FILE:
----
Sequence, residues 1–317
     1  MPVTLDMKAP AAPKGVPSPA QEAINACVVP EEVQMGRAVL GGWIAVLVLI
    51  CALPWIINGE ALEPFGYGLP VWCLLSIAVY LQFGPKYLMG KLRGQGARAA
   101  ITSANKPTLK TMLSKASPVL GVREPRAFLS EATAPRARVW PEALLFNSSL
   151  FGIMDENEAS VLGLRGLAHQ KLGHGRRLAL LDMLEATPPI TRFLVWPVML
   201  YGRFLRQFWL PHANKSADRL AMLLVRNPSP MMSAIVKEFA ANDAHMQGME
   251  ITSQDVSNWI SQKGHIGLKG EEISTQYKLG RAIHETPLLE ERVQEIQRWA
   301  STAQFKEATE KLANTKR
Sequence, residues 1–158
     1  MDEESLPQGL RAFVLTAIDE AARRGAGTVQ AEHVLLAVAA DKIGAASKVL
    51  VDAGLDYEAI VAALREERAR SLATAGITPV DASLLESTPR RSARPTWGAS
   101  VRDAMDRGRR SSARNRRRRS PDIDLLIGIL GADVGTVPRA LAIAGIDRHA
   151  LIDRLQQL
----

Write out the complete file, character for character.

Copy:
Sequence, residues 1–317
     1  MPVTLDMKAP AAPKGVPSPA QEAINACVVP EEVQMGRAVL GGWIAVLVLI
    51  CALPWIINGE ALEPFGYGLP VWCLLSIAVY LQFGPKYLMG KLRGQGARAA
   101  ITSANKPTLK TMLSKASPVL GVREPRAFLS EATAPRARVW PEALLFNSSL
   151  FGIMDENEAS VLGLRGLAHQ KLGHGRRLAL LDMLEATPPI TRFLVWPVML
   201  YGRFLRQFWL PHANKSADRL AMLLVRNPSP MMSAIVKEFA ANDAHMQGME
   251  ITSQDVSNWI SQKGHIGLKG EEISTQYKLG RAIHETPLLE ERVQEIQRWA
   301  STAQFKEATE KLANTKR
Sequence, residues 1–158
     1  MDEESLPQGL RAFVLTAIDE AARRGAGTVQ AEHVLLAVAA DKIGAASKVL
    51  VDAGLDYEAI VAALREERAR SLATAGITPV DASLLESTPR RSARPTWGAS
   101  VRDAMDRGRR SSARNRRRRS PDIDLLIGIL GADVGTVPRA LAIAGIDRHA
   151  LIDRLQQL